Graph Transformations

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In this section we will learn how to graph modified versions of the functions from the library of functions. The transformations we will be focusing on are left/right shifts, up/down shifts, and vertical stretching/compression. Even though these properties hold for functions in general, we will focus on functions from the library of functions.

Vertical shift

A vertical shift comes from taking a graph and moving every point up, or down, by some uniform amount. Algebraically, we take a point (x, f(x)) and move it to (x, f(x) + c), where c is the shift up or down. This means the function f(x) + c is a shift up by c units if c is positive, and down by c units if c is negative.

Example: Graph

Here we can recognize that the function from the library of functions is . This tells us that the graph of f(x) will have the same shape as . Since we are in the vertical shift section, we can guess that the function has been shifted vertically by some amount. Since we are adding 4 to the output of every point from the graph of is the graph of shifted up by 4 units.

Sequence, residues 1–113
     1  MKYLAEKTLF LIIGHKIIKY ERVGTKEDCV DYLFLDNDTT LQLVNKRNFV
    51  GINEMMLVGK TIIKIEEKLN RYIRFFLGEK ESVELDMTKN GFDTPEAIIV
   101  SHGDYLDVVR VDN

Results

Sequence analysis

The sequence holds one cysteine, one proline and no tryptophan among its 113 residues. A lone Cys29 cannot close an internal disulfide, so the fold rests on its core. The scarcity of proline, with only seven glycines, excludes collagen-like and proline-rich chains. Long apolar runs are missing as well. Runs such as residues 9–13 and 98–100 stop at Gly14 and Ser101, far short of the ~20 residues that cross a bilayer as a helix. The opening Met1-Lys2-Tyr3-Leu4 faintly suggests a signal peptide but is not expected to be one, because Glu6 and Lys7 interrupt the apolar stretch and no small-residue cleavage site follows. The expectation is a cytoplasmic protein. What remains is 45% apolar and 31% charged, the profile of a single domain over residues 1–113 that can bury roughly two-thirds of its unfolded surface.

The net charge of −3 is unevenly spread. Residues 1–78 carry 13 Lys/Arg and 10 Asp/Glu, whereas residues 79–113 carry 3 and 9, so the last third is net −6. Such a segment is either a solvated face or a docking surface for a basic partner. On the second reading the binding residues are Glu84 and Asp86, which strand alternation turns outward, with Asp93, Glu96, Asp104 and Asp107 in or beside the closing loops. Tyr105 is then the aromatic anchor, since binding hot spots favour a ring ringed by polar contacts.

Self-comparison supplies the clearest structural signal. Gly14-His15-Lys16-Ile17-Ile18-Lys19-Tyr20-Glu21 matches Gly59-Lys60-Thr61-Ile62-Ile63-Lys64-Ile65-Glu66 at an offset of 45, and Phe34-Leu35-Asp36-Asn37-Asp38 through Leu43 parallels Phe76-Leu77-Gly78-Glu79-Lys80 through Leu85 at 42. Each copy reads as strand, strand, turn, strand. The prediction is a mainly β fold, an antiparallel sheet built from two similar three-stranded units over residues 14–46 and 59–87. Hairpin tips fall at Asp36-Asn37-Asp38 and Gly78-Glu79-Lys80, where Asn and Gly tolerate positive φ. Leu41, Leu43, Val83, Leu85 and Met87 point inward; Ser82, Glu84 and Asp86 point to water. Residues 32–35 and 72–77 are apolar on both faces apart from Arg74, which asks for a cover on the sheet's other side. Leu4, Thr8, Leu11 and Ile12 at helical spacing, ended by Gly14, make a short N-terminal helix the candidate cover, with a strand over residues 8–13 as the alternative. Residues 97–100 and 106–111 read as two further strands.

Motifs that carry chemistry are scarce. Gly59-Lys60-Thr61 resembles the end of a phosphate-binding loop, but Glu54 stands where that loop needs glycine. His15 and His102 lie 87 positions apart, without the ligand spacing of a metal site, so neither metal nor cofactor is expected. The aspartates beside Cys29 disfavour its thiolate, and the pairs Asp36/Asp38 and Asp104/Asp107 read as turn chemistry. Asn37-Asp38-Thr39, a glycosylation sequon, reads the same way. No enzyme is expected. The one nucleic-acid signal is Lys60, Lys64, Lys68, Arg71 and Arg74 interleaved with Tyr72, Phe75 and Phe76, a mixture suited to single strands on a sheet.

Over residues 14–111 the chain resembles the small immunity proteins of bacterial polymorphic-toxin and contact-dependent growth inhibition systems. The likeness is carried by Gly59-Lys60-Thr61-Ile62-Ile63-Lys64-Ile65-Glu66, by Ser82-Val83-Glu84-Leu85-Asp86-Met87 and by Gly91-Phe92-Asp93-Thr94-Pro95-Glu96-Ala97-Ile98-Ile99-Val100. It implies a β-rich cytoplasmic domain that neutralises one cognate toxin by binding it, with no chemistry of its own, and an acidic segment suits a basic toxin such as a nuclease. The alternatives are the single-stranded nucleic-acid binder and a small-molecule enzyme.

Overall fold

Horizontal Shift

Horizontal shifts are a little harder to describe algebraically. Graphically, it is exactly what you think it is. We take the graph of f(x) and move all of the points horizontally by a uniform amount. For identifying horizontal shifts start by attempting which function from the library of functions is the base function. Then observe where a point on the base function moves. I usually keep track of the y-intercept. So the approach is focused on determining what value of x is required to plug into the shifted function to get the same value that evaluating the base function at 0 is.



The first thing to notice is the base function from the library of functions is The y-intercept is (0, 0). Now we want to find a value of x such that . Solving this we find that we need x = 5. This means the point (0, 0) moved to (5, 0) and every point moved to the right 5 units.

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